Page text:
Success is the sum of details.
– Harvey S. Firestone, founder of Firestone Tire and Rubber Company
Don’t overlook the final, important details when assembling your plan—they can make a big difference in the overall presentation of yourself and your company.
While readers evaluate the business concept you present to them in the final document, they will also be evaluating you based on how well your plan is put together. They will want to be able to quickly and easily find the information they’re looking for and understand your goals and objectives.
When you are finished writing your plan, make sure to include the following:
The cover page is the front cover of the plan containing the name of the business, your name, and your contact information. The cover page is an opportunity to make a good first impression.
What to include on your cover page:
- Name. Include the name of the company, your name, and your title. If your company name does not describe your business, consider adding a descriptive tag line below the company name.
- Contact details. Include the company’s address, phone and fax numbers (if relevant), email addresses, and website or social media links. If the actual address of the business is undecided, use your home address. Providing this key information makes it easy for investors and other readers to contact you.
- Logo. The company logo should be displayed on the cover page along with the company name.
- Date. Add the date the plan was prepared. In addition to letting readers know when the plan was written, it will help you know whether you have the most recent version.
- Tracking number. If the business plan is going to be distributed to several different investors or lenders, each plan should be numbered separately with the number displayed on the cover page. This will allow tracking of business plans that are out for review. It also may discourage recipients from copying or widely distributing the plan to others. It is advisable to include a statement, such as, “The contents of this plan are proprietary and confidential. It is not to be copied or duplicated in any way.”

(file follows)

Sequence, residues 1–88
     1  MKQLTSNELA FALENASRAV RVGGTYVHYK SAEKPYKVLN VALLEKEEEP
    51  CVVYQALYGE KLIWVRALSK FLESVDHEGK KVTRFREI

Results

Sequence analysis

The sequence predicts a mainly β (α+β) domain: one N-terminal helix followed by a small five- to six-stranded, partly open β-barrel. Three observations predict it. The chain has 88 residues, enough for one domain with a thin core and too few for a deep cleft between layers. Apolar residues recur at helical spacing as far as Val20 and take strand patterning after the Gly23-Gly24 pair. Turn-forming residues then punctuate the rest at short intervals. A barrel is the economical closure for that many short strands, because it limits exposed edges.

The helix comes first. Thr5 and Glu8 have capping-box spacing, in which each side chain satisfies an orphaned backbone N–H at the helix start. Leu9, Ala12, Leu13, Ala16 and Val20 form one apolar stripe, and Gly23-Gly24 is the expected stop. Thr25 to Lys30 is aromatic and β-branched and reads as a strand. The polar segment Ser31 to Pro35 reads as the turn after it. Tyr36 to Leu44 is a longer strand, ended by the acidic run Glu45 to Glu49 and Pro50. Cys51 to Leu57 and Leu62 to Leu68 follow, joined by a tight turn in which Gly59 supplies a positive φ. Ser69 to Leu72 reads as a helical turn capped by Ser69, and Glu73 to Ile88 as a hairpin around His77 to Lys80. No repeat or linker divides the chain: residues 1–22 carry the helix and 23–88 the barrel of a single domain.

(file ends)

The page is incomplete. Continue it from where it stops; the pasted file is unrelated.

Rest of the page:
Tip: If a business plan lacks adequate contact information on the cover page, readers will not know how to locate the company or who to contact. Chances are they won’t try to follow up with you.
Tip: Consider having the recipient sign a non-disclosure agreement in which the reader agrees to refrain from revealing the contents or ideas of the plan to anyone else. By disclosing information without a signed non-disclosure agreement, you may lose your ability to protect the information through trade secrets, patents, or other types of protection.
Table of Contents
A table of contents is an index by section and page number making it easy for the reader to find exactly what is sought. It is a good idea to include a table of contents to help readers locate information. If using the Business Plan tool as your basis, download the plan and include a table of contents using Word processing software.
Tip: It works best to create the table of contents after the rest of the plan is complete. At this point, the heading and subheading titles are finalized and the page numbers should go unchanged.
Business Plan Appendix
The resources, authorities, resumes, and specifications referenced in the body of the plan are located in the appendix. The appendix allows you to include all supporting documentation without cluttering the actual Business Plan. While most readers will not look at every page in the appendix, they will recognize the planning and thoroughness that went into creating the appendix.
See the Business Plan Checklist for a list of documents that belong in the appendix of your business plan. Determine which of these items are relevant to your plan. The appendix will vary in length according to the amount of detailed information needed to support the claims made in your plan. If the appendix becomes too large, it can be made into a separate document.
All documents can be included in the appendix just as they are. You should prepare a table of contents at the beginning of the appendix to identify the location and type of documents included.
Tip: Your credibility can be established or lost by the contents of the appendix. If references are accurate and complete, the reader will soon stop checking the assertions found in the body of the plan and accept them. If inaccuracies or missing data are discovered, however, the reader will question the accuracy of everything else written in the plan.